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Monday, November 04, 2019

Limits of using the web for info- self-reference

(I wrote this a while back so when I say `I Googled BLAH' I meant back then. It is prob different now.)

While the web is a wonderful to find things out there are times when it doesn't quite work.
  1. An old blog of Scott Aaronson's had as part of its title a Woitian Link. Wanting to find out what a Woitian Link is but not wanting to bother Scott (he's busy enough making comments on Shtetl-Optimized) I went to google and typed in "Woitian Link". The ONLY hits I got back were to Scotts blog. I finally had to email Scott. He told me that it was referring to the blog not even wrong by Peter Woit which often has links that... Well, Scott never told me quite what it was but I'll go there myself and try to figure it out.
  2. An old blog of mine was the man who loved algorithms. Part of my blog said that I thought the man would be Knuth but it was not. (It was Thomas Kailath) One of the commenters said that it couldn't be Knuth since he was still alive. This made me want to check the original article to see if Thomas Kailath, is also still alive (he is). I didn't have the issue with me at the time so I typed "the man who loved algorithms" into google. The first page of hits all refered to my posting. Eventually I found one to verify that yes, indeed, he was still alive.
  3. Donald Knuth VOLUME FOUR was originally published in a series of fascicile's. Whats a fascicle? Here the web was helpful- Wikipedia said it was a book that comes out in short pieces, the pieces of which are called `fascicle'. They gave only one example: Donald Knuth's Volume 4 will be coming out in Fascicle. Still, they DID tell me what I want to know. (Note- this was a while back, they have since removed that comment.) For most things the web is great. But for some more obscure things, better off asking someone who knows stuff.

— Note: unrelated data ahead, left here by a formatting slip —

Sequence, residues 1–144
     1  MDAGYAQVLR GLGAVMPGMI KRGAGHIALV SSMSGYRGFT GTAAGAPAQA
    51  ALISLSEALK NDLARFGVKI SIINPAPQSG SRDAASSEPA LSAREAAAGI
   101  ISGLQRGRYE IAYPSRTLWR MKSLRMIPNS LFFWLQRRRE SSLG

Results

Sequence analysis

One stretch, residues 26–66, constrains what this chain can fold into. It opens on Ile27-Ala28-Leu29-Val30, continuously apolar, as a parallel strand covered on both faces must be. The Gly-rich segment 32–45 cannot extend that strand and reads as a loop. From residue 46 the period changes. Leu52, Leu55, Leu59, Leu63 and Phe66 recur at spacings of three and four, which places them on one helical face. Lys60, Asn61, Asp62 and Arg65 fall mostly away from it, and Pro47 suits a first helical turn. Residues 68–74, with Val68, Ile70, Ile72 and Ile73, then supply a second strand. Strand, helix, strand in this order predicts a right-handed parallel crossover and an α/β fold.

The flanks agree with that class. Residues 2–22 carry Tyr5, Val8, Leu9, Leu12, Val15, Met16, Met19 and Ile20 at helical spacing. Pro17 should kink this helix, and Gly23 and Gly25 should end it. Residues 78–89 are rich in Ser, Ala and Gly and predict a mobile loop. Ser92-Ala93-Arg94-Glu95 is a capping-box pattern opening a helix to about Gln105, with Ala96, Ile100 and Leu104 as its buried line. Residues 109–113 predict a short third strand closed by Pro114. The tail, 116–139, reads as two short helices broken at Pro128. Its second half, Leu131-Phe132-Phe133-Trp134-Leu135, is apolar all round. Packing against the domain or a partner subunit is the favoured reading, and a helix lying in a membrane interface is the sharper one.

Do you have experiences where you ask the web for a question and you end up in a circle?

2 comments:

  1. Sometimes you can get other results if you try a different search engine, such as duckduckgo. But I must admit that when I tried it on "The man who loved algorithms" (with quotes) I just got your old blog - and this one too, a self-self-reference.

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  2. Google has a nice syntax for advanced search. Try "The man who loved algorithms" -site:blog.computationalcomplexity.org

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